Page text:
AT&T assisting in mass surveillance?

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EFF is suing AT&T claiming that they've been assisting the government in wholesale Internet surveillance. Here's the writeup from Wired about what supposedly happened:
According to a statement released by Klein's attorney, an NSA agent showed up at the San Francisco switching center in 2002 to interview a management-level technician for a special job. In January 2003, Klein observed a new room being built adjacent to the room housing AT&T's #4ESS switching equipment, which is responsible for routing long distance and international calls.

"I learned that the person whom the NSA interviewed for the secret job was the person working to install equipment in this room," Klein wrote. "The regular technician work force was not allowed in the room."

Klein's job eventually included connecting internet circuits to a splitting cabinet that led to the secret room. During the course of that work, he learned from a co-worker that similar cabinets were being installed in other cities, including Seattle, San Jose, Los Angeles and San Diego.

"While doing my job, I learned that fiber optic cables from the secret room were tapping into the Worldnet (AT&T's internet service) circuits by splitting off a portion of the light signal," Klein wrote.

The split circuits included traffic from peering links connecting to other internet backbone providers, meaning that AT&T was also diverting traffic routed from its network to or from other domestic and international providers, according to Klein's statement.

The secret room also included data-mining equipment called a Narus STA 6400, "known to be used particularly by government intelligence agencies because of its ability to sift through large amounts of data looking for preprogrammed targets," according to Klein's statement.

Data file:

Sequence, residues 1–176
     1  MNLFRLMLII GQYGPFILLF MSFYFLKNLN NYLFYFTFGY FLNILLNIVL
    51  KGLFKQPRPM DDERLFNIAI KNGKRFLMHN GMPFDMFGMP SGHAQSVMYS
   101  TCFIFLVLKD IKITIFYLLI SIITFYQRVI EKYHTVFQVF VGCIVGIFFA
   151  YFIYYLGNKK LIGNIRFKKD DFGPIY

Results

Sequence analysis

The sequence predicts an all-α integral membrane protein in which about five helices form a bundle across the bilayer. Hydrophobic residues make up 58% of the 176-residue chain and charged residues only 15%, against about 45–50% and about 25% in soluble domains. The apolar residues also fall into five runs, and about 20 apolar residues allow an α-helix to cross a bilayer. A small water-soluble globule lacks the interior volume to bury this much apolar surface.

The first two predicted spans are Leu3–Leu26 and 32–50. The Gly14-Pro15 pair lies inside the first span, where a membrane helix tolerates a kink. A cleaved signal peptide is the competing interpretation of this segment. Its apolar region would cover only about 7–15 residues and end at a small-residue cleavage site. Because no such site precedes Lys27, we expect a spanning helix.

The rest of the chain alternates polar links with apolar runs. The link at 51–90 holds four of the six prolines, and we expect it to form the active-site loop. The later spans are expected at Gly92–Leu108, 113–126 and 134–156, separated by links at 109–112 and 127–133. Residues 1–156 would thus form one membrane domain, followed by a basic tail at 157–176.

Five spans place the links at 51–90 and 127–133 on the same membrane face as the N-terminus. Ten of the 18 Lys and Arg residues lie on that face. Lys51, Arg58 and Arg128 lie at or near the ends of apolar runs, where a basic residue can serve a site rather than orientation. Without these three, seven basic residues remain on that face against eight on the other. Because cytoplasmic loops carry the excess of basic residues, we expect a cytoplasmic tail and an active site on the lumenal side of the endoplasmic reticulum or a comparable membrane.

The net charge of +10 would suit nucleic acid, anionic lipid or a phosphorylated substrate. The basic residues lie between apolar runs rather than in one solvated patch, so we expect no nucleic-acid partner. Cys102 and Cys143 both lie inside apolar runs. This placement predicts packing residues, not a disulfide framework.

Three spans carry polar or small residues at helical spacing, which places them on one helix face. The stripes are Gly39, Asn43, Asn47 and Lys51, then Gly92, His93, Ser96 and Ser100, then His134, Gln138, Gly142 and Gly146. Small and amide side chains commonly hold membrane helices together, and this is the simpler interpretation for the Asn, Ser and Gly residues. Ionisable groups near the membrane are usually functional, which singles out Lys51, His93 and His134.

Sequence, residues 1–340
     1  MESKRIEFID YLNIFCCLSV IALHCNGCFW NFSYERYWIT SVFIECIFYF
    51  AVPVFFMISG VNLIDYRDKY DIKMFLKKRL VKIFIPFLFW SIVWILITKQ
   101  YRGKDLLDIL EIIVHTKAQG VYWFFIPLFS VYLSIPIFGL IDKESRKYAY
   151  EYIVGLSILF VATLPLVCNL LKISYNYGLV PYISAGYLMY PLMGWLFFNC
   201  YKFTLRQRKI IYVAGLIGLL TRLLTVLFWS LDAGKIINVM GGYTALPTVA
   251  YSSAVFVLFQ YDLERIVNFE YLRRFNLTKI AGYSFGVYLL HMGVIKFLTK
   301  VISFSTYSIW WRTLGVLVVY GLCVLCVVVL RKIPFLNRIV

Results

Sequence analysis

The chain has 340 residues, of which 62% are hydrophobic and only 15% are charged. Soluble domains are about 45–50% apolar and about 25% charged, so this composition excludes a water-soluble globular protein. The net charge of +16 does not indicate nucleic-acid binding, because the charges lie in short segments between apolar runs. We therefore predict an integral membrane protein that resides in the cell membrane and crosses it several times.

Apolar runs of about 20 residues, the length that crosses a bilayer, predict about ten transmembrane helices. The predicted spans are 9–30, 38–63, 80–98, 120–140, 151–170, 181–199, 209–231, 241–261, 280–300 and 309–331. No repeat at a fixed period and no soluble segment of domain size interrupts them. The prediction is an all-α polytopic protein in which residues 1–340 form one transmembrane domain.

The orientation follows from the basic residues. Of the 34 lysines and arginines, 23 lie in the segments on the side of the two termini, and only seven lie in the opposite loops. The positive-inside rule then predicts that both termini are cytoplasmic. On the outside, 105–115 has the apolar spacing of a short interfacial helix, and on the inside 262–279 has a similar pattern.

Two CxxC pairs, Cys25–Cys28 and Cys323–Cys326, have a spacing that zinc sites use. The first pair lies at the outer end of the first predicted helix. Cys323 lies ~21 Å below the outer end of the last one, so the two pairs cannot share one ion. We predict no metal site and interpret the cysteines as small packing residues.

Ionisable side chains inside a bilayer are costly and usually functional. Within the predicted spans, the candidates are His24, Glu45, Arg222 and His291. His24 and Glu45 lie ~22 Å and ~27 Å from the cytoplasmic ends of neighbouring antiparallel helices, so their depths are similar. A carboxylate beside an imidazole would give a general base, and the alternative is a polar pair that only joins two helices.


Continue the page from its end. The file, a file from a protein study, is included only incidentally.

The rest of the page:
Narus, whose website touts AT&T as a client, sells software to help internet service providers and telecoms monitor and manage their networks, look for intrusions, and wiretap phone calls as mandated by federal law.

Let's assume for the sake of argument that what Klein is saying is substantially accurate. That sounds bad but doesn't necessarily mean that the NSA is doing mass surveillance on Americans. It could, for instance, be targeting only traffic destined to be routed out of the US, or traffic for which the NSA has FISA warrants, etc. Given the government's reluctance so far to reveal details of its surveillance program, it may be hard to find out what's really going on. On the other hand, given Alberto Gonzales's statement that he can't rule out domestic warrantless wiretaps, I wouldn't exactly be shocked if it turned out that something like that was already going on.


Sure. We don't know because neither of the alleged participants is talking.

Assuming warrants were always issued, it would seem that having this 2-trillion record database is beneficial for law enforcement and maybe even 'the general welfare'. But how is it good for AT&T? It has to cost them big $$, yet I don't see the payoff for them. Any thoughts? They already have a short-term corpus of call records (SCAMP). What's the value for them in keeping everything? They have no obligation to do this out of the goodness of their hearts, after all.

It's called fascism, better known when corporate and government entities merge together.

Welcome to the new America. The "terrorist" won. Too bad most of us Americans are lazy cowards...

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